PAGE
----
RACHAEL A. AXLINE, BY HER NEXT FRIEND, ETC., ET AL., APPELLANTS,
J. R. SHAW, APPELLEE
[NO DOCKET NUMBER IN ORIGINAL]
Supreme Court of Florida
35 Fla. 305; 17 So. 411
S. Y. Finley, for Appellants.
Thos. F. King and W. W. Hampton, for Appellee.
Appellants, who were complainants below, filed their bill of complaint against the appellee (defendant below). The bill alleged, among other things, that the complainant, Rachael A. Axline, was a riparian proprietor of a certain lot of land in Alachua county, which "is fronted by Orange Lake, which is a navigable stream." Said bill also alleged that said lot abuts upon the said lake; that said lake adjoins the same, and that said complainant was entitled as riparian owner to exclusive water privileges under, upon and over the waters of the said lake adjoining and in front of her said property; and that said lot was purchased with a view to said water rights and privileges. The bill charged the defendant with erecting a fence and attempting to erect a wharf in front of her land, which prevented access to the channel of the lake, interfered with her use of said water privileges and facilities for navigation, shipping freight and other purposes.
An injunction was prayed against the keeping, using, repairing, etc., of the fence already built, and from building any other fence, wharf, etc. The building, etc., of the fence was not sought to be enjoined as a nuisance per se, but the complainants stand strictly upon the statutory riparian rights of Mrs. Axline.
The defendant filed his answer and demurrer, in one paper, denying that the complainant, Mrs. Axline, was a riparian proprietor; that Orange Lake was a navigable stream in contemplation of the statute, and many other matters unnecessary to state. Voluminous testimony was taken by each party. At the final hearing the bill of complaint was dismissed and complainants appealed.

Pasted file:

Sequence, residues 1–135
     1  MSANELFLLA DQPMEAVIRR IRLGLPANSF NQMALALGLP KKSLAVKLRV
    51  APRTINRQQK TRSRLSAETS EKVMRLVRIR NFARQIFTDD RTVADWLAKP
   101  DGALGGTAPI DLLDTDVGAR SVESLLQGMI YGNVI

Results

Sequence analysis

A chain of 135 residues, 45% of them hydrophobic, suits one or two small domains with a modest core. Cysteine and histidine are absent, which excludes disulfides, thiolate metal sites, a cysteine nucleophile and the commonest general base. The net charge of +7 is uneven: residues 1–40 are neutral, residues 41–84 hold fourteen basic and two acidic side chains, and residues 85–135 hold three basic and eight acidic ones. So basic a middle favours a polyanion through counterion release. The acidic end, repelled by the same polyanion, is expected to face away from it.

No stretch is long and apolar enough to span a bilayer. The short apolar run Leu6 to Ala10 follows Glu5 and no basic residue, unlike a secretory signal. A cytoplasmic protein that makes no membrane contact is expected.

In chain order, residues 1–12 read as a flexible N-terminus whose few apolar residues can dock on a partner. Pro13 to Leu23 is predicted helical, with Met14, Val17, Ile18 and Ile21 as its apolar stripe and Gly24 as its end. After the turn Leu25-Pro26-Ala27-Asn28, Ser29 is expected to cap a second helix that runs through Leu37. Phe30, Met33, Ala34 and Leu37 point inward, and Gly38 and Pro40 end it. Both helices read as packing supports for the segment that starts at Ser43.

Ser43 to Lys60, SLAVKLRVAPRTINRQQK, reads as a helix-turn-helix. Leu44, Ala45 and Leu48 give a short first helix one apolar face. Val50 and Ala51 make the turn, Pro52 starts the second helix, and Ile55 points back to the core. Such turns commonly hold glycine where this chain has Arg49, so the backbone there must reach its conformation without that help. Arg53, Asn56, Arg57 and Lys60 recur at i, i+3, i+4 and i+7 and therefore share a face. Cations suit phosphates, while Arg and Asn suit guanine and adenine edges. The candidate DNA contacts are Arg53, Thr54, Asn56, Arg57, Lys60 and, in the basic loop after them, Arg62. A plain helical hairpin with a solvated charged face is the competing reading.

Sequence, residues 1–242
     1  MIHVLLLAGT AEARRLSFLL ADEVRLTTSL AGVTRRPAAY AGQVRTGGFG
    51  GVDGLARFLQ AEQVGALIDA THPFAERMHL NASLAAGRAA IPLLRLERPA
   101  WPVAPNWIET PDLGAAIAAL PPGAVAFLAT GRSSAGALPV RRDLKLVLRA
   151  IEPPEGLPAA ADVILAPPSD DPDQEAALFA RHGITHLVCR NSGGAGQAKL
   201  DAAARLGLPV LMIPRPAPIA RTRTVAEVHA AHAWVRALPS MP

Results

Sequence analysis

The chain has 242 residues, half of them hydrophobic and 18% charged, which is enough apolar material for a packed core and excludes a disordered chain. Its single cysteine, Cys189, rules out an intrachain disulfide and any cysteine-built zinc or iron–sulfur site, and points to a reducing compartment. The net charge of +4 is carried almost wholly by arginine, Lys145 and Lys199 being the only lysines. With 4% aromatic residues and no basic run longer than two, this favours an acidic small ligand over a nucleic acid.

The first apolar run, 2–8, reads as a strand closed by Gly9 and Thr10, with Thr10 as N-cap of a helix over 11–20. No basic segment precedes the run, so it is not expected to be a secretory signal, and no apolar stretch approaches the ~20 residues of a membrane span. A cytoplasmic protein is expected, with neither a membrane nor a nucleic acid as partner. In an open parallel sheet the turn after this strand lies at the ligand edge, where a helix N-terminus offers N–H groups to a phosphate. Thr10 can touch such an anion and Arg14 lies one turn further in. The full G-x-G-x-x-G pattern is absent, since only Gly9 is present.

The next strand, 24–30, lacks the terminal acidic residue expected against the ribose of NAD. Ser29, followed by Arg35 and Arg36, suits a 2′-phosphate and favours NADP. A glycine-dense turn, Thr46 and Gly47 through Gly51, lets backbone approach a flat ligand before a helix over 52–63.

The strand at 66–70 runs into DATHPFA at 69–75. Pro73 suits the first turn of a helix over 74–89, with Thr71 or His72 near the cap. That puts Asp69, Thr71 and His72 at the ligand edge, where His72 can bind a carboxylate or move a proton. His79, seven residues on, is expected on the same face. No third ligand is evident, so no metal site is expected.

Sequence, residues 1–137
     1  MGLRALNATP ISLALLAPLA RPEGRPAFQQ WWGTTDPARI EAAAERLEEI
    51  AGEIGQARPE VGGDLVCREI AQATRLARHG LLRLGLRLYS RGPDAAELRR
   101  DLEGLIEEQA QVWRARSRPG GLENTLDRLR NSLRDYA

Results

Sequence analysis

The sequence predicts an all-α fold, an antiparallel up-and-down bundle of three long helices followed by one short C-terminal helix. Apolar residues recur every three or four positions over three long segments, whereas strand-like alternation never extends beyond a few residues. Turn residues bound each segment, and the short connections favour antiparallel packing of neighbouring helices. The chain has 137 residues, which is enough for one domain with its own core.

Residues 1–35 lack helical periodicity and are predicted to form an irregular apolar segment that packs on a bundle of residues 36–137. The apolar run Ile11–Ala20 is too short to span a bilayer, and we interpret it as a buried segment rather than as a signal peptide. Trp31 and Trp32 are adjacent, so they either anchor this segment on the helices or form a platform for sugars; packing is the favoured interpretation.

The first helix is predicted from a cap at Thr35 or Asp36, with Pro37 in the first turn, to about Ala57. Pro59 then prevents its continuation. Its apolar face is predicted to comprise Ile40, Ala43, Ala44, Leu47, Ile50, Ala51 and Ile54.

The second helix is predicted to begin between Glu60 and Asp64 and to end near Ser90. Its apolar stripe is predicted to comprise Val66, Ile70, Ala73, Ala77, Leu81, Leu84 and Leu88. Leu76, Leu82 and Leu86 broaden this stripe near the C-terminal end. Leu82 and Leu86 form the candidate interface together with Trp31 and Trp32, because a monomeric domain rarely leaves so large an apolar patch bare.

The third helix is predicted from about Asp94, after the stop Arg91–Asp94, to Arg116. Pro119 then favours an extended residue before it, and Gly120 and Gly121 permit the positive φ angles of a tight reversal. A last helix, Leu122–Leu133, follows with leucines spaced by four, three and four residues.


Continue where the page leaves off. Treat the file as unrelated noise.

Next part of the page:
The counsel for both parties have filed lengthy briefs evincing much labor and research upon the question as to whether or not Orange Lake, an inland fresh water lake in Alachua county, is a "navigable stream" within the purview of our riparian act of December 27th, 1856. The conclusion we reach renders it entirely unnecessary to determine the question, because in our opinion, if we conceded that said lake is such a "navigable stream" as is contemplated by the act, we do not think the allegations and proof in the case show that the complainant, Mrs. Axline, is such a riparian owner as is embraced within the terms of the statute. It appears by the testimony in the case that one T. B. Myers, through whom Mrs. Axline derived title, at the time he sold and conveyed the lots on account of which she claims to be a riparian proprietor, also owned the adjacent submerged lands covered by the waters of Orange Lake. Conceding (only, however, for the purposes of this case) that Orange Lake is a navigable stream, and that the submerged lands over which riparian rights are claimed, were included in the statutory grant made by the act of 1856, does the deed of conveyance to Mrs. Axline make her a riparian proprietor? A solution of the question requires an examination of a portion of the act and the deed by which Mrs. Axline holds her title to the property in question. The last section of the act in question is as follows: "That nothing in this act contained shall be so construed as to release the title of the State of Florida, or any of its grantees, to any of the swamp or overflowed lands within the limits of the same, but the grant herein contained shall be limited to those persons and body corporate owning lands actually bounded by, and extending to low water-mark, on such navigable streams, bays and harbors." Chapter 791, sec. 2; McClellan's Digest, sec. 2, p. 690. The description of the land in the deed of Mrs. Axline is as follows: Beginning at the northeast corner of section one (1), township twelve (12), south of range twenty-one (21), in the Arredondo Grant, thence south with the east line of said section one (1) a distance of ten chains, thence west on a line parallel with the north line of said section one (1) about thirty-six and a half chains to the shore of Orange Lake, thence north-westerly with said shore of said lake to the north line of said section one (1), thence with said north line of said section about forty chains, to the place of beginning, containing by estimation thirty-eight and 25-100 (38 25-100) acres, and composing lots one (1) and two (2) on the map of Kennedy's survey of said section, or of the land of Theodorus Bailey Myers and wife.